Court News Ohio
Court News Ohio
Court News Ohio

Supreme Court to Consider Two Mineral Rights Cases from Eastern Ohio

Seven Cases Are on Court’s Agenda for August 19 and 20

Image of natural gas drilling equipment

The Supreme Court’s cases this month involve the death penalty appeal of a Cincinnati man, requirements for civil stalking orders, and when asset transfers reduce Medicaid benefits.

Image of natural gas drilling equipment

The Supreme Court’s cases this month involve the death penalty appeal of a Cincinnati man, requirements for civil stalking orders, and when asset transfers reduce Medicaid benefits.

The Supreme Court of Ohio will hear arguments in two cases next week about natural gas and oil drilling rights on properties in Harrison County.

Both cases involve the Ohio Dormant Mineral Act, which governs when the mineral rights beneath a piece of property are returned to those who own the land.

If the surface land and the natural resources underneath are owned separately, the law deems the mineral interests to be abandoned under certain circumstances. Current law requires the landowner to notify the mineral rights holder of its intent before retaking ownership of the resources. The mineral rights are not abandoned if certain events have taken place during the 20 years before the required notification.

In Dodd v. Croskey, Phillip Dodd and Julie Bologna bought about 128 acres in Harrison County, but the deed excluded the rights to the minerals below the land. When an oil and gas company approached them about purchasing the rights, the couple took steps to show that the holders of those rights had abandoned them. However, heirs to the rights responded asserting ownership.

Dodd and Bologna claim that the heirs did not identify an event during the prior 20 years that would have allowed them to maintain ownership.

The heirs counter that they didn’t need to point to a “savings event,” because they instead met the requirements of a different section of the law for filing a claim to preserve their interests.

The second case, Chesapeake Exploration v. Buell, was submitted to the Supreme Court from a federal district court. The federal court noted that the case involves issues of state law that Ohio’s highest court hasn’t addressed before.

The case involves a 90-acre parcel, also in Harrison County. North American Coal Royalty Company owns the minerals rights, and Chesapeake and two other companies lease those rights. The parties argue that a lease made in the mid-1980s is a type of title transaction, which they claim restarts the 20-year clock under the law. They also contend that the expiration of the lease in 1989 was also a title transaction, activating a new 20-year timeframe that preserves their rights.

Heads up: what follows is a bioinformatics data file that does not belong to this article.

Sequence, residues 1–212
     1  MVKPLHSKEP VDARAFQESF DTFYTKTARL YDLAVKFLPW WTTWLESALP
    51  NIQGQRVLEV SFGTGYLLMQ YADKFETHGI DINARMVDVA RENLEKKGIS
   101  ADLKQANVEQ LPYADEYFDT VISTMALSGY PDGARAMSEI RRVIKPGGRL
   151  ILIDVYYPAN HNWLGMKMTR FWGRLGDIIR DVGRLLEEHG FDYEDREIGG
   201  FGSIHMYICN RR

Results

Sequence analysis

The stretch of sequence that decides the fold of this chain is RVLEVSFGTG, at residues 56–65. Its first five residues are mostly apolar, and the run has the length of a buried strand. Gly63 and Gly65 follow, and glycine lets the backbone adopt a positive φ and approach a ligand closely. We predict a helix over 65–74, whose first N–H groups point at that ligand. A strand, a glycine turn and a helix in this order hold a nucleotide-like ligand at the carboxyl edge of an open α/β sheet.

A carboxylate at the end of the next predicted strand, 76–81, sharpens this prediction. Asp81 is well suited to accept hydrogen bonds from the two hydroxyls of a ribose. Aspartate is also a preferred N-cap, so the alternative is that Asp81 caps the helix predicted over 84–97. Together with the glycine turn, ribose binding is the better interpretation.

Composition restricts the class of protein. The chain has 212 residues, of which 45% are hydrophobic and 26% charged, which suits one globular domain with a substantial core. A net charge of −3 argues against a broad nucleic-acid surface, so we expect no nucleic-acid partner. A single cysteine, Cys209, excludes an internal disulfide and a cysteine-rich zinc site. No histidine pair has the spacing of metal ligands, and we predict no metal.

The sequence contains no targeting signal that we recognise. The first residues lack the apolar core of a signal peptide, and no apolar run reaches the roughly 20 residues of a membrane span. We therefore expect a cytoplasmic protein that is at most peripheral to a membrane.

The court will hear three cases, including a death penalty appeal, on Tuesday, August 19. Along with Dodd and Chesapeake, the court will consider two other appeals on Wednesday, August 20. The court’s sessions begin at 9 a.m. each day at the Thomas J. Moyer Ohio Judicial Center in Columbus. The arguments will be streamed live online at and broadcast live on The Ohio Channel.

Along with the brief descriptions below, the Office of Public Information today released summaries of the seven cases.

Cases for Tuesday, August 19
The court will consider these cases during Tuesday’s session:

  • A Cincinnati man was convicted of and sentenced to death for the rape and murder of a girlfriend and the murder of two children in Pickens v. State.  He argues that the prosecutor wrongly made mention of his young adult age while questioning potential jurors about whether they could impose the death penalty. He also contends that the prosecution did not give race-neutral reasons for dismissing three African-American jurors, failed to disclose evidence, and engaged in misconduct during opening and closing statements.
  • Two men robbed houses in and near Clark County during a three-month period in late 2010 and early 2011. In State v. Beverly, the state asks the court to uphold the conviction of one of the men for engaging in a pattern of corrupt activity. To prove that an “enterprise” existed, the law does not require the enterprise to have a structure separate and distinct from the criminal activity, the state asserts.
  • In State v. Ruff, a man was convicted in Hamilton County of three rapes and aggravated burglaries, as well as attempted rape and sexual battery of a minor. He maintains that the sentences for rape and aggravated burglary should have been merged because they are “allied offenses of similar import.” The state counters that rape is a crime against a person, while burglary is a property crime, so the offenses are not part of the same conduct, and the sentences should not be merged.

Cases for Wednesday, August 20
The court will hear arguments in Dodd, Chesapeake, and two other cases during Wednesday’s session:

  • An Ottawa County property dispute in Simon v. Fondessy led a court to issue a civil stalking protection order. The question before the court is whether the stalking statute requires a victim to experience mental distress or only to believe that the offender will cause mental distress. The order was issued against a neighbor, who argues that actual mental distress must be shown before a court can grant a protection order.
  • Estate of Atkinson v. Ohio Department of Job and Family Services centers on Medicaid benefits for individuals in nursing homes who transfer assets. A Knox County couple had their house in a trust, then transferred it to the husband after the wife entered a nursing home and applied for Medicaid. The estate claims that federal law allows unlimited transfers of assets up until Medicaid eligibility is decided, while the state agency argues that limits apply starting on the date a person is institutionalized.